Review Summary: "Atlanta's wildest crew" is no longer offensive or even edgy. They're just boring.
I have an interesting
relationship with Attila. I'll never deviate from my position that 2014's Guilty Pleasure
is one of the worst albums recorded by any
. But when I found myself enjoying a few tracks off of 2016's Chaos
, it seemed the term 'guilty pleasure' was an accurate descriptor of the band's music, and all their dumb frat boy jargon was somewhat vindicated. Unfortunately, any momentum they may have generated towards being more than just a bunch of overgrown children is washed away with their latest album, Villain
I will grant Chris Fronzak this, though. After spending the band's last three albums going out of his way to constantly
remind you that he doesn't care what you think, he seems more concerned with just being him at this point. He knows he's a douchebag, he knows he's in a hole and he just keeps digging. I almost have some morbid appreciation for him being that honest and open about himself. One thing is for sure about Fronz as the front of this band; he'll never beat around the bush about who he is.
But while I may give Fronz a pass for not pretending to be someone he's not, I can't give his bandmates a pass for being lazy. Villain
is the group's least musically adventurous project to date. That's not to say they were before, but this record is a new kind of sloppy. The album's title track sees Fronz in complete control as the man you love to hate, but his bandmates bring no energy like they have previously. Even a generic breakdown might suffice, but even diehard fans of this group don't get much red meat.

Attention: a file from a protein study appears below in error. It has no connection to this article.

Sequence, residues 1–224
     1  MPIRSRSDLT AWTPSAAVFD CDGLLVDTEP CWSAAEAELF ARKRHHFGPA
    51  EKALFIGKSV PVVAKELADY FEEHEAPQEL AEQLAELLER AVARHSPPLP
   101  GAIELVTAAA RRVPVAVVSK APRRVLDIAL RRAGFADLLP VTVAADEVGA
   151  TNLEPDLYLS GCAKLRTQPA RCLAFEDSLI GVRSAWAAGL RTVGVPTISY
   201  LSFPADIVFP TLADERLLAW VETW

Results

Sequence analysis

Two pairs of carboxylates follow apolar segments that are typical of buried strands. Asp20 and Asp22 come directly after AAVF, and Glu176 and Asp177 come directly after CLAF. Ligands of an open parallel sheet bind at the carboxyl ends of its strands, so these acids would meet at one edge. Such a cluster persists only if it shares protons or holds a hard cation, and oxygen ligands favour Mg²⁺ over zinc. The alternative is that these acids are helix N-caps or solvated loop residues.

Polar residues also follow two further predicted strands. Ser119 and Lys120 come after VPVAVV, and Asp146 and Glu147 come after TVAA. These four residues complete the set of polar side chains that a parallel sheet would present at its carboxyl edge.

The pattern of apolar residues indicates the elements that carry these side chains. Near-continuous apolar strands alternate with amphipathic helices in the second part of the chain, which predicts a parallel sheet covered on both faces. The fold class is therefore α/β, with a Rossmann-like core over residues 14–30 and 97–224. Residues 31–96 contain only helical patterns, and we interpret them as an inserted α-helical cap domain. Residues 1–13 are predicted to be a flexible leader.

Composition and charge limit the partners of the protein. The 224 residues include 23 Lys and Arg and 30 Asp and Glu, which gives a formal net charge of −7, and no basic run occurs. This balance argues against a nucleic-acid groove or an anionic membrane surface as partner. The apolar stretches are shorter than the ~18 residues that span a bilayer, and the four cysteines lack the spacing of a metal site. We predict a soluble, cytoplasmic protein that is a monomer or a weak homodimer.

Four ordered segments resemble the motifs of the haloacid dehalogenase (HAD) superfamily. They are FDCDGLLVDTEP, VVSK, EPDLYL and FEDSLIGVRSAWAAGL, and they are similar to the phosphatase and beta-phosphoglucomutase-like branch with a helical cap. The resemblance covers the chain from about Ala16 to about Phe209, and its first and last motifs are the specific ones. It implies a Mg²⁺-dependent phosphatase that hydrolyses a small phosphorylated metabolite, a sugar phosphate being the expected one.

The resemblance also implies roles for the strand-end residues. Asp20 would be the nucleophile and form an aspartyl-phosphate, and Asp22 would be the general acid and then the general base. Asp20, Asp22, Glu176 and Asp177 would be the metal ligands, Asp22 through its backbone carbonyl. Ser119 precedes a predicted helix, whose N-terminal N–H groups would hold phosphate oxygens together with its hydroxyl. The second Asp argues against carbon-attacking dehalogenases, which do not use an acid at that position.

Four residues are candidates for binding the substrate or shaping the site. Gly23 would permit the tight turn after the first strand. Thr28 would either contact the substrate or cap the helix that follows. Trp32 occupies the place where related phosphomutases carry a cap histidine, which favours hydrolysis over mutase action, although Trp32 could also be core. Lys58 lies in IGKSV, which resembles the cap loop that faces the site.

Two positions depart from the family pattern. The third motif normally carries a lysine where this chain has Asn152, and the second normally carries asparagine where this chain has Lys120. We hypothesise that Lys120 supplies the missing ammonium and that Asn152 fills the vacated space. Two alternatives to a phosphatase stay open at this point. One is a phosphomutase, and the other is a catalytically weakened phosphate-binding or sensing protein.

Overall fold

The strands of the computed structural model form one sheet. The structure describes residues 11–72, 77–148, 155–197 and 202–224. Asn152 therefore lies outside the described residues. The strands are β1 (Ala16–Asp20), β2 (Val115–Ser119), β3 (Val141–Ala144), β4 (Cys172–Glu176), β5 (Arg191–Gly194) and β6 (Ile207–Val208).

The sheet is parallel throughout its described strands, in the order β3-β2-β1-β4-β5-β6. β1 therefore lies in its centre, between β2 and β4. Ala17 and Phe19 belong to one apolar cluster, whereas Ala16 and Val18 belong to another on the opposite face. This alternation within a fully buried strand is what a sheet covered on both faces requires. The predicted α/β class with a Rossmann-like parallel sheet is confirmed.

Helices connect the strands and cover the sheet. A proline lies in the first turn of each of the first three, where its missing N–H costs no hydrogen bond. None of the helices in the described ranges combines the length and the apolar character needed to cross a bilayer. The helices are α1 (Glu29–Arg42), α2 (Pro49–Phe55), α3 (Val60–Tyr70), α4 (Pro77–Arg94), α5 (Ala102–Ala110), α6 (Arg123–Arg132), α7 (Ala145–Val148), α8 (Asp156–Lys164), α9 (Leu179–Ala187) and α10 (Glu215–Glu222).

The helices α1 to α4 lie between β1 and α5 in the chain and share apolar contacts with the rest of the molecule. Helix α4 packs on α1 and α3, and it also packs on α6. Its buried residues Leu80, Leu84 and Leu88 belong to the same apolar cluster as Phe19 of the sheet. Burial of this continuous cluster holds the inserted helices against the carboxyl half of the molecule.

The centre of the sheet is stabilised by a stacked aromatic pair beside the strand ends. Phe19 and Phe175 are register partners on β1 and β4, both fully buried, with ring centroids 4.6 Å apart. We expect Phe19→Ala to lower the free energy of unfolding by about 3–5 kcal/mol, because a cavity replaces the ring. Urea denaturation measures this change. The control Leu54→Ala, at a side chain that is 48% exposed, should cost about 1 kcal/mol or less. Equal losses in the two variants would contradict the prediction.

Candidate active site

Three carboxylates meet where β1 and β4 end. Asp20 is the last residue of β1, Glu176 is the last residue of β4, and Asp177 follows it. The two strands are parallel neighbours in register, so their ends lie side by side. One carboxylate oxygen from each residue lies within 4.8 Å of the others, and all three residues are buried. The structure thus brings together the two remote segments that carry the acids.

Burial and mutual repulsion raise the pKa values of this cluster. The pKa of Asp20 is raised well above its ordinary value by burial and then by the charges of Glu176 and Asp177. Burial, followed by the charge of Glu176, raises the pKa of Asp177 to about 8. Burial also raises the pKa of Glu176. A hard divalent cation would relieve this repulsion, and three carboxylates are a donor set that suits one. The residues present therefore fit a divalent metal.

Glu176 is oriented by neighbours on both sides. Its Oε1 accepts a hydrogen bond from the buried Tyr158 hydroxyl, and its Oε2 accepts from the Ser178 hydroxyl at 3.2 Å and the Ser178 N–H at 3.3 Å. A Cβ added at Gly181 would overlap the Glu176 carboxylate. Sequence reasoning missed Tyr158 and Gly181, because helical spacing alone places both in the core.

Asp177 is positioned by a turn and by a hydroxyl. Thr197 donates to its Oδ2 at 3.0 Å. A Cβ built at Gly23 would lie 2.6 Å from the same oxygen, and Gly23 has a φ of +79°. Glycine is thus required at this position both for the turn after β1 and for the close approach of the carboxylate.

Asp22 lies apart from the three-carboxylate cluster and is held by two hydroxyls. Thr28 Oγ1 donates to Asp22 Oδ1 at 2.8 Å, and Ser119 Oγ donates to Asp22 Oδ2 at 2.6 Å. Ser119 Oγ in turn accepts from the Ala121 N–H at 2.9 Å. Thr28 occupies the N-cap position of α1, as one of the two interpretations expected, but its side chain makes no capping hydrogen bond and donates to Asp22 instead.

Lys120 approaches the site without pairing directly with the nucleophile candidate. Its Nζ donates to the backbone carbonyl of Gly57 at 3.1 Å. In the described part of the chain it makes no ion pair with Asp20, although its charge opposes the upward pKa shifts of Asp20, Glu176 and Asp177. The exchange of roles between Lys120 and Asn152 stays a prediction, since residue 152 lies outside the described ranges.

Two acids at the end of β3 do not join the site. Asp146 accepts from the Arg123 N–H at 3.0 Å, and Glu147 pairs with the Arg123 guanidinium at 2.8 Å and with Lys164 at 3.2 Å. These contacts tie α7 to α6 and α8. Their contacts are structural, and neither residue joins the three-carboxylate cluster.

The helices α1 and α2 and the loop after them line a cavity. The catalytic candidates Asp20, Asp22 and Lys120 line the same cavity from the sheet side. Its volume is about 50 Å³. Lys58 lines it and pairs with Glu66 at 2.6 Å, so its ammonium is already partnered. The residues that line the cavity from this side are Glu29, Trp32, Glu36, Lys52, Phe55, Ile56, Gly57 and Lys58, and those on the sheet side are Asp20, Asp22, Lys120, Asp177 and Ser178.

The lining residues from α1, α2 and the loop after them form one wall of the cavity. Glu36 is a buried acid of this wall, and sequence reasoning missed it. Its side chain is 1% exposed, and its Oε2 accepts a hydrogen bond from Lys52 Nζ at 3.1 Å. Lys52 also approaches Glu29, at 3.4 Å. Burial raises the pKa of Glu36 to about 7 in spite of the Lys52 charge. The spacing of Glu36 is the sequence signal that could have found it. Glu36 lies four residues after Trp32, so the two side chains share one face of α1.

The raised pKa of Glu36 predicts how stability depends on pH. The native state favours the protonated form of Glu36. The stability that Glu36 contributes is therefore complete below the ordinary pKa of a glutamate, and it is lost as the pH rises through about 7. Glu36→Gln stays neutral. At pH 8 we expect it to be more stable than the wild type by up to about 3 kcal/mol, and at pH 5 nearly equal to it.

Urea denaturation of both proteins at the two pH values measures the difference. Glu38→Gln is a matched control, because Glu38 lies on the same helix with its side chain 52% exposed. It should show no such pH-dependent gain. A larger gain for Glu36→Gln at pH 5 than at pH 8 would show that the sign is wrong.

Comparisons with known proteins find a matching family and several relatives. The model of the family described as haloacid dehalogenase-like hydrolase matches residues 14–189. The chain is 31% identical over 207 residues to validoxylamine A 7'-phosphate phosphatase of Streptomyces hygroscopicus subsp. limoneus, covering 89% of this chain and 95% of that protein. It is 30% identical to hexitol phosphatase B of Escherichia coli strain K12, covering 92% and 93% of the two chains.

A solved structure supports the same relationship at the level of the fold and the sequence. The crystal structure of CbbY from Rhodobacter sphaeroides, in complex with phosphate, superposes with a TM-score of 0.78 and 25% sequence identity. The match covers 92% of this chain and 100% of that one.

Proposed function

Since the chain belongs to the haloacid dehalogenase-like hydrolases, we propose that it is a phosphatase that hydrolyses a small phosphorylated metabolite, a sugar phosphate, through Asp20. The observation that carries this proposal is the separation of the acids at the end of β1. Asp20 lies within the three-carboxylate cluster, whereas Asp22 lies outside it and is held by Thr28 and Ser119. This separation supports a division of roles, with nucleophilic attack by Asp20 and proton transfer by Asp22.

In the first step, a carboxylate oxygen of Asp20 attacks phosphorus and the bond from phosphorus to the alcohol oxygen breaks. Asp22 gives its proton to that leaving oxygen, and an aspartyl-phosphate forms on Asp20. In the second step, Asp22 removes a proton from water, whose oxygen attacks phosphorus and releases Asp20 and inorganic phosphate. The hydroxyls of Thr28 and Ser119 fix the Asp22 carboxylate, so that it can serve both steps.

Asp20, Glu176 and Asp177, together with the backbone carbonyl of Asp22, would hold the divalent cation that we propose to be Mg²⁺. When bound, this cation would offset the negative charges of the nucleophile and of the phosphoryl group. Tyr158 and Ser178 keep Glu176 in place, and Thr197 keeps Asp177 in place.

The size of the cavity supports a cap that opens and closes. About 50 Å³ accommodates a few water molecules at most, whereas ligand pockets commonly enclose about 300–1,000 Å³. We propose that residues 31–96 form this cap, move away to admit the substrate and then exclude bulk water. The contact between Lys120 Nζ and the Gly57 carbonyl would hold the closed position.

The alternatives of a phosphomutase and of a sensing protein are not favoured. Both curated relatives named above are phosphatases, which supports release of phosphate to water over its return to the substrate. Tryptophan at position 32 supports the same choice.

"New Addiction" is another exemplar of this. Save for a pretty solid guitar solo near song's end, there's nothing creative or outstanding to report. Lyrically, Fronz is still sitting quite comfortably in the role of Donald Trump's spirit animal. He's still objectifying some girl he scooped off the street corner, but it doesn't sting or make you aghast like some of the group's previous material would. Meanwhile, songs like "Blackout" are mindless fun and a chance for Attila to just throw what they have at the wall without thinking twice.
"Toxic" sees Fronz try his hand at rapping. Needless to say, it didn't work when Fronz first tried it a few album cycles ago. It doesn't work now. The nu metal tendencies are still quite tedious, no real instrumental prowess coming to the forefront. "Subhuman" might be ripped directly out of the Linkin Park playbook, but it's unlike anything
the band has ever recorded. Fronz is still worlds away from being a remotely decent singer, conjuring up reminders of Oli Sykes ala Sempiternal
, but the lyrics work beyond all expectation. Singing of being a prisoner in his own mind, Fronz has never been this vulnerable, and it exposes what may actually consume his thoughts when no one is looking.
"Manipulate" is both a literal and spiritual successor of the track that preceded it. Fronz continues carrying on about how he'll never been understood and how he morbidly relishes the persona he's built for himself. "Bad Habits" closes out the album also in similar fashion, but it plays more like a future live show staple than any chance Fronz might have been taking to scratch the surface lyrically. With that, Villain
draws to a close. So, what does this record actually mean for Attila going forward?
It's the same old them. Partying and sex still dominate the narrative and some occasional musicality shines through. Elsewhere, the instrumentalists seem like they'd rather be anywhere else and wish to demote their role within the band. Fronz tries to actually write something introspective and thought-provoking, but he's no Adam Gontier or Oli Sykes. Sans a couple of decent tracks, the rest of the album plays like it was thrown together in twenty minutes. And that perhaps is a sign that the band is going to fall off the cliff. They're still filling their roles as a bunch of dumb frat boys, but eventually the bubble will burst. God only knows how many more lackluster albums they'll put out until then.